House GOP: We're willing to subpoena CFPB

Republicans on the House Financial Services Committee are prepared to subpoena top officials at the Consumer Financial Protection Bureau if they refuse to testify on workplace issues at the regulator.

Rep. Patrick McHenry (R-N.C.) told CFPB Director Richard CordrayRichard Adams CordrayConsumer bureau revokes payday lending restrictions Supreme Court ruling could unleash new legal challenges to consumer bureau Supreme Court rules consumer bureau director can be fired at will MORE Thursday that the panel will be holding additional hearings on claims of discrimination and retaliation among CFPB employees, and demanded a written agreement that any CFPB employee will be permitted to testify on the matter.


“If you cannot provide such assurances, the testimony of CFPB employees will be compelled by the issuance of a subpoena,” he added.

McHenry chairs the committee’s oversight subcommittee, which held a hearing earlier this month to hear claims from one CFPB attorney who alleged she was discriminated against by managers, and punished when she complained.

Two top CFPB officials overseeing personnel matters were invited to testify at the same hearing. But the bureau refused to send them, citing its investigation into the matter and confidentiality requirements.

In a separate letter, Chairman Jeb Hensarling (R-Texas) told top Democrats on the committee that Republicans would continue to seek testimony from any official at the agency, and was prepared to force them to testify if necessary.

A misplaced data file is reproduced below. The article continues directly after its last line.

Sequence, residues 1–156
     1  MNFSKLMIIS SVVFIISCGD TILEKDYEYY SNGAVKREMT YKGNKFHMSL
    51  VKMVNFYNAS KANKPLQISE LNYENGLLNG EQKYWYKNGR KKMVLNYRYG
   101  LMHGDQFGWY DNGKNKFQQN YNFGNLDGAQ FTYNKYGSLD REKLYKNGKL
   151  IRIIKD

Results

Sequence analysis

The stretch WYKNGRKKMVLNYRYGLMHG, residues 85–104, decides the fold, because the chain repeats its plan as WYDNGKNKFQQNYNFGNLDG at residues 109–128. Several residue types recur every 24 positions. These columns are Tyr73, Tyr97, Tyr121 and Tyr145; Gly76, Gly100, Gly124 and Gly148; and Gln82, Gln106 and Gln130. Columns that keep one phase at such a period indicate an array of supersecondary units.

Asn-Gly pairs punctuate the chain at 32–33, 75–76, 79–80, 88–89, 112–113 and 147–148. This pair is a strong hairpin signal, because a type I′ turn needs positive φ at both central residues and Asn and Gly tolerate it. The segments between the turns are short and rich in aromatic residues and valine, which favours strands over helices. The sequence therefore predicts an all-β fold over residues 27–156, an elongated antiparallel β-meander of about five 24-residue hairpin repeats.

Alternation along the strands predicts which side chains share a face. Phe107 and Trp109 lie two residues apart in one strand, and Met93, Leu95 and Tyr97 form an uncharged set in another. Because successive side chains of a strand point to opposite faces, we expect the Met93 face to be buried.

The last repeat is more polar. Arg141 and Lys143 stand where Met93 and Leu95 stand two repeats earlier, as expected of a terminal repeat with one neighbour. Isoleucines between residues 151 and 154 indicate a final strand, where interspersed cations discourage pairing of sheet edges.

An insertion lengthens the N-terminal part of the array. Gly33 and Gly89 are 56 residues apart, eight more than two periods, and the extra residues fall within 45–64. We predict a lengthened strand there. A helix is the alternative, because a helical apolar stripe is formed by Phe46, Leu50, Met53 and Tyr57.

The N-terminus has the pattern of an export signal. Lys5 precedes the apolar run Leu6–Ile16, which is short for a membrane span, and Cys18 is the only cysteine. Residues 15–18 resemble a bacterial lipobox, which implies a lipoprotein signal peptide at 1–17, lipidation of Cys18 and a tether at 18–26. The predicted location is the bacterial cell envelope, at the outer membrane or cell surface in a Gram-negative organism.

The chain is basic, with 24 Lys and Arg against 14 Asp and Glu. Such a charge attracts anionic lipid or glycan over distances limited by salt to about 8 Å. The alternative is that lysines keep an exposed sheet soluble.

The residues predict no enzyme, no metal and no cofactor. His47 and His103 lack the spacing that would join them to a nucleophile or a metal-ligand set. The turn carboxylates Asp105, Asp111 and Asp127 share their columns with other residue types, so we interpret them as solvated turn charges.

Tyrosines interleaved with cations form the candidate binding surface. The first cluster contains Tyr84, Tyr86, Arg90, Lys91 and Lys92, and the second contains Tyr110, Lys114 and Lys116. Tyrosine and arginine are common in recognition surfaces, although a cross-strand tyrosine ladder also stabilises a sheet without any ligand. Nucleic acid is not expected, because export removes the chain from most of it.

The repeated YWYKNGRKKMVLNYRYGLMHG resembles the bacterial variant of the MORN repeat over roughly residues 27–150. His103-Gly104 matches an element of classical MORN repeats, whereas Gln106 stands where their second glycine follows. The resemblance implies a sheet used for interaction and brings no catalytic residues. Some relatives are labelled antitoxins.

Democrats had requested the committee hold a second hearing on matters at the CFPB but refrain from inviting witnesses still involved in ongoing complaints or grievance resolutions. Hensarling said he would not do so.

“We do not intend to disqualify from the scope of our inquiry any witness, whether a senior official or not, whether involved in an ongoing complaint or not,” he wrote in the letter, co-signed by McHenry. “We will not honor a request to limit the scope of a legitimate, necessary and apparently bipartisan congressional inquiry in deference to an agency process that is alleged to be a vehicle of retaliation at the CFPB.”

The consumer agency, created by the Dodd-Frank financial reform law, has come under fire amid claims that minority employees regularly received lower evaluation scores than white ones. Angela Martin, the CFPB attorney who testified before the panel, claimed that a number of employees have significant complaints about employee management there, and that several employees were discriminated against or unfairly punished.

After that hearing, Cordray issued a statement saying he took her claims seriously and would welcome the opportunity to discuss the matter with lawmakers.

“I take seriously the concerns raised at today’s hearing and deeply apologize to any member of the CFPB staff who feels that they have not been heard or treated fairly,” he said.